The waiting room is empty, and I take signout on five patients. The patients that typically line the hallways waiting for beds, for stress tests, for MRIs all stayed home. The familiar drunks still get their blister-packed turkey sandwiches. There’s a trickle of patients onto my side: a middle-aged woman who lost vision and a prematurely grey man clutching his distended belly that tightens like a drum as I lay my hands on him. Meanwhile, I’ve never eaten better as I pile my plate with donated food from the break room as the TV continues its endless roll of the exasperated pleas of Manhattan doctors and images of Italian nurses crying in hallways.
They pulled him out of the COVID-19 tent: a slapdash field hospital grafted onto the ambulance bay where the worried well sit six feet apart while taking in the boilerplate guidance of a gowned and masked provider pacing in front of them while the never-ceasing ventilation fans drone on and on. He’s smartly dressed in a long coat as he walks down the hall toward the negative pressure room. A month ago, I couldn’t have imagined a world where this man would have an EMT toting an oxygen tank at his heels.
He’s tired. His wool coat hides pale and clammy skin and the all-to-obvious rise and fall of his chest. His X-ray reveals the reticulated spiderwebbing that I know will soon become commonplace. I don’t need to listen to his lungs. I do it so I can hear the coarse rattle of his chest for myself and because it’s what he deserves. Constant through all of this is the steady of the beep of the pulse oximeter as the monitor begs us to recognize the 89 percent flashing on its screen. The 4 liters of oxygen I run through his nasal cannula gives him palpable relief, but it’s not enough. I call the ICU.
Outside the negative pressure room, I don as many layers of plastic, latex, and nylon as our dwindling supply will allow. I get to work as he sits upright in bed with his phone never separated from his clammy hands. It’s all rote. Talk ventilator settings with the respiratory therapist. The pharmacist draws up meds for sedation and paralysis. Gather equipment. Prepare for the worst. I run my checklist again and again and wonder if this man has read about ventilator shortages and if he’s absorbed my practiced speech about intubation. “We need to use a breathing machine to let you rest. Your lungs need time to heal. You will be asleep, and we will keep you safe.”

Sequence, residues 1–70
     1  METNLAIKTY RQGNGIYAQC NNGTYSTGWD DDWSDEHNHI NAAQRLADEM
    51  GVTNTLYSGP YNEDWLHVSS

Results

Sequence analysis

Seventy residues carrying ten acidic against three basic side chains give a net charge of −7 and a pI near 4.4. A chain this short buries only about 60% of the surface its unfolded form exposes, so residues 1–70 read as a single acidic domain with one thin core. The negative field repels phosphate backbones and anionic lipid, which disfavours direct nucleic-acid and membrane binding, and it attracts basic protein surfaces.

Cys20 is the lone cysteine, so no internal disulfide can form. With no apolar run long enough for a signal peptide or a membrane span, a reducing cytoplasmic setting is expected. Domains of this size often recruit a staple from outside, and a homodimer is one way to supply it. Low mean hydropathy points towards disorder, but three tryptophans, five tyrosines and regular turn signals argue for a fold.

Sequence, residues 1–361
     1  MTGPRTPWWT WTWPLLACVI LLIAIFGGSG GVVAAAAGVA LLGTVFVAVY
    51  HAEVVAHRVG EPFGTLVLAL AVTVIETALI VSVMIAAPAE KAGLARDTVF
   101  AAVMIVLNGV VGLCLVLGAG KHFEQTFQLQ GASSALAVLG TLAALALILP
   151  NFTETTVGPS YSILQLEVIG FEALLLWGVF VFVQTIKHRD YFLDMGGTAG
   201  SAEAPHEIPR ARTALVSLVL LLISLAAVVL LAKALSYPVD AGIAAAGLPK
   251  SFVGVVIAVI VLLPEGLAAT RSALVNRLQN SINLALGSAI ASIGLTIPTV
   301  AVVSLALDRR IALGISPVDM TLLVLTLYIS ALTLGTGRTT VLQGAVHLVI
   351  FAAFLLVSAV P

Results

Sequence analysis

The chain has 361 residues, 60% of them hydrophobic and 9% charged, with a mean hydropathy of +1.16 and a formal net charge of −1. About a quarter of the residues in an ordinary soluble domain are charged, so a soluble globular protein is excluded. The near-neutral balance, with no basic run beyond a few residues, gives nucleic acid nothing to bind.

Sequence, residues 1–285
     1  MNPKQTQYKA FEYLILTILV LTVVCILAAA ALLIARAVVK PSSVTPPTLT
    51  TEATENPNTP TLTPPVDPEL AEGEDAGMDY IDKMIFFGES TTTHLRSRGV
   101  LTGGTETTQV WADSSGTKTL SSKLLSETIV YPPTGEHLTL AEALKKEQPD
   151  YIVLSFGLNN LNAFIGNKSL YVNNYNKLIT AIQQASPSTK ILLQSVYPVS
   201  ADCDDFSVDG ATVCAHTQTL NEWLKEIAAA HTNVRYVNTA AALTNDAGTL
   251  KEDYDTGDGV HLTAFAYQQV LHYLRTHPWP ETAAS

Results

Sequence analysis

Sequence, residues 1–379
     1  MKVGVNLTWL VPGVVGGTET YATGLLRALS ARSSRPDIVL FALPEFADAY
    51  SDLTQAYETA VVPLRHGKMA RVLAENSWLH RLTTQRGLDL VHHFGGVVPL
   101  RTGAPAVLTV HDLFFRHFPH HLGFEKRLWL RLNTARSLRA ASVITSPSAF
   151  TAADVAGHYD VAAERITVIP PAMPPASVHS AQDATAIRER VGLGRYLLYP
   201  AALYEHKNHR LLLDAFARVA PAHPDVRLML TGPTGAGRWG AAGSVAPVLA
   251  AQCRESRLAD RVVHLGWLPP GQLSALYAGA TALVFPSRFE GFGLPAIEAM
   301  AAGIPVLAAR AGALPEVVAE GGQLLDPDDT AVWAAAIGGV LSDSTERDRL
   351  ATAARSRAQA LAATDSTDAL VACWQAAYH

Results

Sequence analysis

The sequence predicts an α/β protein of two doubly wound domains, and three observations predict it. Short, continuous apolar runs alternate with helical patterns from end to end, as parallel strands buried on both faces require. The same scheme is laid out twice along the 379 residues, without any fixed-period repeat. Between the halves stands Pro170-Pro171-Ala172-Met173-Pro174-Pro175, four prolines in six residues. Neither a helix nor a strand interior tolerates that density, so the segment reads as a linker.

Soon it’s quiet except for the gentle hiss of the suction canister. He’s stopped texting. With a sudden attack of guilt, my eyes find his LCD screen.
“Papa, what’s going on?”
In the intimacy of this moment, moments before the inherent violence of the procedure we all know is coming; my stomach churns with this violation. I squat at his bedside, and my eyes meet his through my goggles and face shield. Somehow he’s aged in the last 30 minutes, sweat beads near his faintly greying temples. His thumbs tap out a response which he deletes. Then another. As he deletes the third message, I finally speak.
“Do you want to call her?”
He shakes his head, “no.” There are no tears in his wide, brown eyes as he finally settles on a response.
The doctor will call you and tell you.
He hands me his phone and looks straight ahead. Absent is the usual crowd of onlookers. The extension tubing from his lines run out the door where the pharmacist mans the pump, and a team of nurses stands behind the sliding door to watch the first drops of the coming storm land against the glass windows. I’m alone with the RT and the nurse, conferring with the attending and fellow through a cell phone sealed in a plastic bag. The tube is in within a few seconds. The room fills again. The intensivist is a familiar face, even behind her N95. She asks for a central line, and I throw the drape over the man lying paralyzed in front of me. I need to cover his face. His vessels bounce under the needle. His skin is taut and smooth. Before long, I’m stripping layers of gown off of my sweat-soaked scrubs that cling to my chest and back.
The waiting room still sits mostly empty at the end of the hall. The stroke patient got tPA, and the bowel obstruction has been whisked off to the OR. I run my uncharacteristically short list of patients while the gowned and hooded docs outside burn through patients in the ambulance bay. The last minutes of the shift end uneventfully, and I sign out a record-low number of patients to my relief.
What’s going to happen? What’s going on? I wish someone could tell me.
Matt McCauley is an emergency medicine resident.
Image credit: Shutterstock.com